It’s not a minor nuisance if you don’t have a regular/constant/fast internet connection. With or without server problems, this decision left many unable to play at all, and left many others finding that they can’t play where they wish (want to play on a long plane flight? Sorry, you must be a pirate, no gameplay for you!).

They’ve lost more customers over this than any kind of piracy, I’ll bet. I certainly won’t be buying this crap, fix or no fix, just as I didn’t buy Spore, Diablo 3 or any of the other games they tried to destroy their own customer base with.

Their competitors thank them, and supporters like you who cheer on every bad decision.

Anonymous Coward says:

Re: "Some gamers are attempting to push back."

Once again, you still manage to surprise me with your idiocy…

This failure isn’t and anomaly/exception/whathever you can come up with. It is THE FUCKING RULE. DRM’s main policy is to Royally fuck up the user that BOTHERED TO BUY THE GAME. If you need examples, take a look at SecuROM, Sony’s infamous XCP, Starforce and EVERY SINGLE ALWAYS-ONLINE DRM. I can’t name every single failed DRM scheme because the list would be far too long, but those should give you an example.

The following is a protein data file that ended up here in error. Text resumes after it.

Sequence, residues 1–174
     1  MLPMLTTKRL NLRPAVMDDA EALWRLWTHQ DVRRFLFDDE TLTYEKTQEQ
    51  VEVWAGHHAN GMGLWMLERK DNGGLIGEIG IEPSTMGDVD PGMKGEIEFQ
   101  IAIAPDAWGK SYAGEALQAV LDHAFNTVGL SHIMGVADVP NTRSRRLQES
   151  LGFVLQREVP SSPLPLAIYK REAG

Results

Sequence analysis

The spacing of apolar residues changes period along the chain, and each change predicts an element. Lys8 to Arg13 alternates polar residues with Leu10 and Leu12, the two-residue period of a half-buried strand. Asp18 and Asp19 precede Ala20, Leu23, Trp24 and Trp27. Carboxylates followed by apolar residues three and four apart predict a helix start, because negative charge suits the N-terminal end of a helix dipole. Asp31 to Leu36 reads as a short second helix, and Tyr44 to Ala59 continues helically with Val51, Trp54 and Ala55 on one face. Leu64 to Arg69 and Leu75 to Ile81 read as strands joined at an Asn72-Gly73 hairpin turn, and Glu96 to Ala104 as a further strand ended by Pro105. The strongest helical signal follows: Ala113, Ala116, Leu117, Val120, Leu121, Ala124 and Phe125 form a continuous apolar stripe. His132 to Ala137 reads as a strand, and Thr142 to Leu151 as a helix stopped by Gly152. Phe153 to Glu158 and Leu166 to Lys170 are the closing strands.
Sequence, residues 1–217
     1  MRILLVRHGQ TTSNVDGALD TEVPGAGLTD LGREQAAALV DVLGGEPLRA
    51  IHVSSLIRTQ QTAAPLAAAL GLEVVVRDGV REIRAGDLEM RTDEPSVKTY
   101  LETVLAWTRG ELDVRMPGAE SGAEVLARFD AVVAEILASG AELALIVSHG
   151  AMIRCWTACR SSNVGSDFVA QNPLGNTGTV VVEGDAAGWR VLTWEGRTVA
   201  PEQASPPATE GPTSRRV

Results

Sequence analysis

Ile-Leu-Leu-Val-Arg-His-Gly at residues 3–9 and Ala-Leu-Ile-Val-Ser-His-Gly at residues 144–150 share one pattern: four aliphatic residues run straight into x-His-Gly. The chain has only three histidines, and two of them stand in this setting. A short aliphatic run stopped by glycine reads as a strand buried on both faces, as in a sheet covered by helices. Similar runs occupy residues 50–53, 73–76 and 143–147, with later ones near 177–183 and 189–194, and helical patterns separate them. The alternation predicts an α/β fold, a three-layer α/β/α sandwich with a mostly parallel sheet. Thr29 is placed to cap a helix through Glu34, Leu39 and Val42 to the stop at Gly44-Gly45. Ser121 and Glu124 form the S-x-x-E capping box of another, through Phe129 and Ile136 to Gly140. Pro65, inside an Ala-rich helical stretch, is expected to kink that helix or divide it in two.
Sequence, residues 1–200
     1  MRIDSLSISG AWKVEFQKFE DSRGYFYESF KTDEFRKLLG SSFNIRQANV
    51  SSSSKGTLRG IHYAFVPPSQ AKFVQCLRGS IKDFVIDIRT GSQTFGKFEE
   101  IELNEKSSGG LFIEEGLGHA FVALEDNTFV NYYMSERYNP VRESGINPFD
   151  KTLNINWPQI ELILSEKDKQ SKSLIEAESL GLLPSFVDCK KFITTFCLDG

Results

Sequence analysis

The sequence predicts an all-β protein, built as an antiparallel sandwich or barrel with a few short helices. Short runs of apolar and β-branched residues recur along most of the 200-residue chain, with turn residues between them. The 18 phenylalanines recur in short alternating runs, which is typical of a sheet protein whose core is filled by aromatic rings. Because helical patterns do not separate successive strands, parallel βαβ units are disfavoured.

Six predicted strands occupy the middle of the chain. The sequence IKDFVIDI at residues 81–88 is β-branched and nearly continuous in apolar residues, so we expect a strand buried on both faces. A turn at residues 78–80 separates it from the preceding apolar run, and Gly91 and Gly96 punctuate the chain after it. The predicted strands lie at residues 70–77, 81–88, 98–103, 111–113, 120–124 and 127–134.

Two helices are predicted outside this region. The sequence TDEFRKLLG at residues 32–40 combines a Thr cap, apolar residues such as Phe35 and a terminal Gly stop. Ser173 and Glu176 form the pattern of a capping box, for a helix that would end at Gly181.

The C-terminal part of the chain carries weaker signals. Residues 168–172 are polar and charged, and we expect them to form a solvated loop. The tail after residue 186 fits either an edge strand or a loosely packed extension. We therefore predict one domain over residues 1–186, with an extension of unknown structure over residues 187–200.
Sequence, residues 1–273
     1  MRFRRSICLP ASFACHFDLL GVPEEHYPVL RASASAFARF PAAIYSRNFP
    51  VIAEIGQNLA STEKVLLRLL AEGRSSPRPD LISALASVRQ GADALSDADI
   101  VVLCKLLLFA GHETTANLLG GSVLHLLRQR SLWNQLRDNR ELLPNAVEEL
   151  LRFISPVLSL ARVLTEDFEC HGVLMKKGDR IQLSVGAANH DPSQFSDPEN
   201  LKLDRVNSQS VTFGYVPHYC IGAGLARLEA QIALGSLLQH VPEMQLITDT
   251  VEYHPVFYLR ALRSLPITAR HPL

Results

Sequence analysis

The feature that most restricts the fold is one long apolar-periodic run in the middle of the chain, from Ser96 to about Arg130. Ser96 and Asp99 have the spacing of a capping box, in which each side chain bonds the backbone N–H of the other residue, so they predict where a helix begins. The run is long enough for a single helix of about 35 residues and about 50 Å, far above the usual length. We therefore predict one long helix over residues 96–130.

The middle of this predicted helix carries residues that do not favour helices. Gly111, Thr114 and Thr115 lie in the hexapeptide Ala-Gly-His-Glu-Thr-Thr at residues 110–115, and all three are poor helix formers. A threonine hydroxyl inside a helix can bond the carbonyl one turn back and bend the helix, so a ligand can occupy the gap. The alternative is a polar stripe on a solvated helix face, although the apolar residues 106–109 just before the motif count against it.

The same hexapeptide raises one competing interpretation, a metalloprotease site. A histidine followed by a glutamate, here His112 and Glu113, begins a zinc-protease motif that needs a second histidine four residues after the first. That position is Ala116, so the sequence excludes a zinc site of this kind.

With that said, i wonder if you really mean what you post OR if you are just an attention troll trying to get… well… attention. You write too much idiocy in only one post… I can’t imagine someone is that stupid…

Rikuo (profile) says:

Re: "Some gamers are attempting to push back."

“DRM: I think it certain that EXCEPT for (this anomaly of) bad implementation (that’s likely fix-able), it’d be a minor nuisance.”

If DRM locks me out of anything I’ve purchased through no fault of my own (doesn’t have to be a video-game) then its NOT a minor nuisance. I’ve made the choice to pay the company to play the game. They’ve taken the money and ostensibly given me access. Now I find out that I can’t use the software at a time of my choosing: I have no control at all over the servers.

Besides, the removal of features…can’t that be classed as a bait and switch. EA promised features XYZ…and pulled features Y and Z. Wouldn’t that in and of itself be illegal?

PeterScott (profile) says:

“Whether or not this backlash/implosion will hurt EA in the long run remains to be seen. “

It won’t. As a mob, people are stupid with short memories.

I swore off EA back in the Spore days:

But that didn’t slow down EA any more than this will. Because while they might lose a few, the Mobs keep buying the EA sequels.

PaulT (profile) says:

Re: Re: